And while the book and the film follow the same basic plot, the film adaptation of Farewell, My Queen gives a vastly different impression of of the events (and the people) involved in the story than its source material.
Not only does it make her a rather unlikeable character, it dramatically shifts her relationships with all of the other characters, giving them a more embittered flavor than they ever had in the book. It is easy to understand why Sidonie is so devoted to Marie Antoinette in the book. In the film, you are left wondering why Sidonie would ever rejoice at the thought of spending even a moment with her.
Nowhere is this change in the queen's personality more apparent than in the scene where she asks Sidonie to disguise herself as the duchesse de Polignac in order for her companion to safely flee France. In the film, the scene is a harrowing climax on Sidonie's love for Marie Antoinette. The queen thinks nothing of using Sidonie as bait to save her friend and bristles when Sidonie puts up resistance to the idea, even going so far as to say Sidonie should show "no arrogance" because she is being allowed to earn the queen's love through this action.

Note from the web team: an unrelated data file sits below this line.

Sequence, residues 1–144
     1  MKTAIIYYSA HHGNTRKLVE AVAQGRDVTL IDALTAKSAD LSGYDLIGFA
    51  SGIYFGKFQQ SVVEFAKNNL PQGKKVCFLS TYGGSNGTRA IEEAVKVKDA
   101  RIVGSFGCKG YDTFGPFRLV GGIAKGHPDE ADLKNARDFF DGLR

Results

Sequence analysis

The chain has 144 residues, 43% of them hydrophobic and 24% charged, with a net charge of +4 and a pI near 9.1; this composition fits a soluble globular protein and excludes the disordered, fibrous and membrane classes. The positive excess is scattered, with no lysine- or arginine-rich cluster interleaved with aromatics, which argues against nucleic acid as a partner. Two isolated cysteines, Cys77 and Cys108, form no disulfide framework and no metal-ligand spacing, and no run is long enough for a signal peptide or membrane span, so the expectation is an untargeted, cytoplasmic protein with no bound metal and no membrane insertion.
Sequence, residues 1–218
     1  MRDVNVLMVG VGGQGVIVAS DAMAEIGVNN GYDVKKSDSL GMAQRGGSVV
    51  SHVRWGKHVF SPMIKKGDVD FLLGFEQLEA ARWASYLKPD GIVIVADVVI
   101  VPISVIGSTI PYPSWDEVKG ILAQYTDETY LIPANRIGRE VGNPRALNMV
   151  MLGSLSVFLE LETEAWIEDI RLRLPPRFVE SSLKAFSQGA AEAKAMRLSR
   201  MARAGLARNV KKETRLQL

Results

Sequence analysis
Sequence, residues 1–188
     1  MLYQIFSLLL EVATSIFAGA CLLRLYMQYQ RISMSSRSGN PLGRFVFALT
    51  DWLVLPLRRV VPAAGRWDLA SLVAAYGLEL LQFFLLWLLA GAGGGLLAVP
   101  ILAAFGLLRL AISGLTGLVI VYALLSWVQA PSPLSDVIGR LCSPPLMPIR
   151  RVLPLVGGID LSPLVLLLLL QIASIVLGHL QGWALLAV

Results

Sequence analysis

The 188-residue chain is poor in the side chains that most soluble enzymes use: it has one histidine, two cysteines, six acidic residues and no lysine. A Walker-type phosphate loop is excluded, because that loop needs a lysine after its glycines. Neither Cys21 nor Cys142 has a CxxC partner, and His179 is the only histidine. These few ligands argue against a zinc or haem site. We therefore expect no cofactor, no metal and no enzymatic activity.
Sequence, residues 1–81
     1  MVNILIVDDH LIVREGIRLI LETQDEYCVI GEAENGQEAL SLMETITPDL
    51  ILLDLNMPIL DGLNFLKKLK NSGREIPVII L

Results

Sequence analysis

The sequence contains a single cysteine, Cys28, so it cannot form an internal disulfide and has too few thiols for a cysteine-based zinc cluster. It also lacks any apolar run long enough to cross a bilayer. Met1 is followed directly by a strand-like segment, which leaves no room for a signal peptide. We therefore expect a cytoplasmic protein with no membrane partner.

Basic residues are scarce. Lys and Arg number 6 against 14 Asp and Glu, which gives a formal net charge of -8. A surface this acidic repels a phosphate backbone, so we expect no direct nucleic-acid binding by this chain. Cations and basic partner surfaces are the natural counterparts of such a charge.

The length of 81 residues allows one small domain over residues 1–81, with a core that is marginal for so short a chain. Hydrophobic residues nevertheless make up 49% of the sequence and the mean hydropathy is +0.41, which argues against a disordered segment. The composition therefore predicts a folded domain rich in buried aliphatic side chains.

It is the ultimate power struggle, one that Sidonie cannot hope to win, regardless of any perceived relationship she had with the queen. She is then casually stripped of her clothes in front of Marie Antoinette, in a painfully vulnerable moment that may be a nod to a scene earlier in the film, where Sidonie pulled down the covers to stare at the naked, sleeping duchesse de Polignac. Marie Antoinette kisses the disguised Sidonie, a kiss meant for the duchesse de Polignac, in a cruel twist of Sidonie's own feelings for the queen.
In the book, however, there is no cruel confrontation between Sidonie and the Queen. The Queen lays out her request, and Sidonie accepts. She remarks later that she was 'pulled in two directions' and that she could have evaded the order, but she felt 'carried along ... by passions that were foreign to me.' She is upset at the idea of leaving behind Versailles and the queen, but there is no sense of the cruelness or betrayal as there is in the film. And, in the book, it is Gabrielle de Polignac, not Sidonie, who is stripped of her clothing--this time by Marie Antoinette herself, who dresses Gabrielle in the peasant disguise for her journey.
The difference between these two scenes might lie in the film's decision to drastically lower Sidonie's age and, consequently, completely change her relationship with the queen. In the book, Sidonie is in her late 30s or early 40s, just a few years older than the queen. She plays a part similar to Madame Campan: an older woman with great loyalty to a queen who has earned that devotion through kindness and gentleness. In the film, however, Sidonie appears to be in her early or mid 20s and her relationship with the queen is more like a girlish infatuation or crush than anything else.